In case C-117/01: K B v National Health Service Pensions Agency and Secretary of State for Health, the ECJ ruled on 7 January 2004 that national legislation which denies transsexuals the right to marry is contrary to Community law if the effect of this is to deprive them of any entitlement to a survivor's pension.
After nearly three years, the European Court of Justice (ECJ) has finally provided an answer to a question concerning the pension rights of transsexuals.
In Croft v Royal Mail Group plc (18 July 2003), the Court of Appeal rules that a pre-operative male-to-female transsexual was not discriminated against on grounds of sex when she was temporarily denied use of female communal toilet facilities, but holds that a permanent refusal could be an act of discrimination even if the person has not undergone gender reassignment surgery.
In A v Chief Constable of the West Yorkshire Police & anr, the Court of Appeal holds that, after the ECHR decision in Goodwin v UK, post-operative transsexuals are legally members of their chosen gender in the employment context, except where there exist significant factors of public interest which outweigh the interests of the individual applicant in obtaining legal recognition of his or her gender re-assignment.
In Croft v Consignia plc (30 September 2002), the EAT holds that a pre-operative male-to-female transsexual was not discriminated against on grounds of sex when she was denied use of female communal toilet and changing facilities.
A pre-operative male-to-female transsexual was not discriminated against when required to use the gender-neutral disabled toilet at her workplace, rather than the women's toilets, the EAT holds in Croft v Consignia plc.
This week's case round-up from Eversheds, covering: gender reassignment and statutory minimum remuneration.
In Goodwin v United Kingdom (11 July 2002), the European Court of Human Rights (ECHR) rules that the lack of recognition in the UK of a transsexual's new gender identity for legal purposes is a breach both of article 8 of the European Convention on Human Rights (respect for private life) and article 12 (right to marry).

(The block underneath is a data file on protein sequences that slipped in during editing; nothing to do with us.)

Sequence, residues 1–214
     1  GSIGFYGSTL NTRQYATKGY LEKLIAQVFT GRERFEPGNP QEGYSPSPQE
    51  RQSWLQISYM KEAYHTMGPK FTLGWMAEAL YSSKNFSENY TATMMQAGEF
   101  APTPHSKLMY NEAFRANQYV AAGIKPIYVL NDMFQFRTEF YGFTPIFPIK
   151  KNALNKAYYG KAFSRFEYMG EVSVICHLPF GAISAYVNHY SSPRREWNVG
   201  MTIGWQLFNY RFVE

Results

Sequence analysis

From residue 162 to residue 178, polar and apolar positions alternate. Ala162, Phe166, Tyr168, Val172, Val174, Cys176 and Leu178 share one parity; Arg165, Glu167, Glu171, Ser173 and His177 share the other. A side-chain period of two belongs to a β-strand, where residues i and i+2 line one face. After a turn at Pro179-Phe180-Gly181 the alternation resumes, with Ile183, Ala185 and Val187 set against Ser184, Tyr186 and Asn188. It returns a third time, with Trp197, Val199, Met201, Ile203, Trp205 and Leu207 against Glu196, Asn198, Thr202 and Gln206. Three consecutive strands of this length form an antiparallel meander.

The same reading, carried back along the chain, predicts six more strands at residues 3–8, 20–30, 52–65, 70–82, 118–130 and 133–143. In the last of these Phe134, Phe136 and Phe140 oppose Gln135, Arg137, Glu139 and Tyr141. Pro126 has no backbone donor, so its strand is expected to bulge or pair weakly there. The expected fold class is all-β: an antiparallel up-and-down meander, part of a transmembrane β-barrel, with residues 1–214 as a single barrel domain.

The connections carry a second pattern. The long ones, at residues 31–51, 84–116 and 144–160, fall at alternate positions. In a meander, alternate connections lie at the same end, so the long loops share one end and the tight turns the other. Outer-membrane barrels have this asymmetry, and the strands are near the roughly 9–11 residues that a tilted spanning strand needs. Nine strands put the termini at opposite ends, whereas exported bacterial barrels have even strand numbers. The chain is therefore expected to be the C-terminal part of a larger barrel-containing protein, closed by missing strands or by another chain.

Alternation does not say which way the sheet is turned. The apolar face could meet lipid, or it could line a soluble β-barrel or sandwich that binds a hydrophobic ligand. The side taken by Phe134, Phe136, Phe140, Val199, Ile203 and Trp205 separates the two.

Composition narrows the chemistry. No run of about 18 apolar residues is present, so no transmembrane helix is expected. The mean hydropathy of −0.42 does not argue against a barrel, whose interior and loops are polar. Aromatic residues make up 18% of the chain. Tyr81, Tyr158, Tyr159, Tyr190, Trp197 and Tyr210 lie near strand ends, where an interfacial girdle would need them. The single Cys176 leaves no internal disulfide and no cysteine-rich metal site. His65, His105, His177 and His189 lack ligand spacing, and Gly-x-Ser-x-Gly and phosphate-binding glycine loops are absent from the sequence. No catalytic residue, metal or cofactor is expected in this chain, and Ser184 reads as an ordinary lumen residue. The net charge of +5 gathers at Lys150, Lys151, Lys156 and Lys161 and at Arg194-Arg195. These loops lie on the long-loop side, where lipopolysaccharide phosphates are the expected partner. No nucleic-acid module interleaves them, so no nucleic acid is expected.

An employment tribunal was wrong to find that there existed a conflict between the gender reassignment provisions of the SDA and the Equal Treatment Directive because of the theoretical possibility of an absolute bar on the employment of transsexuals as police constables on the ground that they would be liable to be called upon to perform intimate physical searches, the EAT holds in The Chief Constable of the West Yorkshire Police v A and the Secretary of State for Education and Employment.
In Ashton v Chief Constable of West Mercia Constabulary  ICR 67 EAT, the Employment Appeal Tribunal upheld an employment tribunal's decision that a male to female transsexual dismissed due to poor performance had not been discriminated against on grounds of sex, although the poor performance was linked to the side effects of medical treatment for gender reassignment. It also upheld a finding that the employee was not disabled within the meaning in the Disability Discrimination Act 1995.
HR and legal information and guidance relating to gender reassignment discrimination.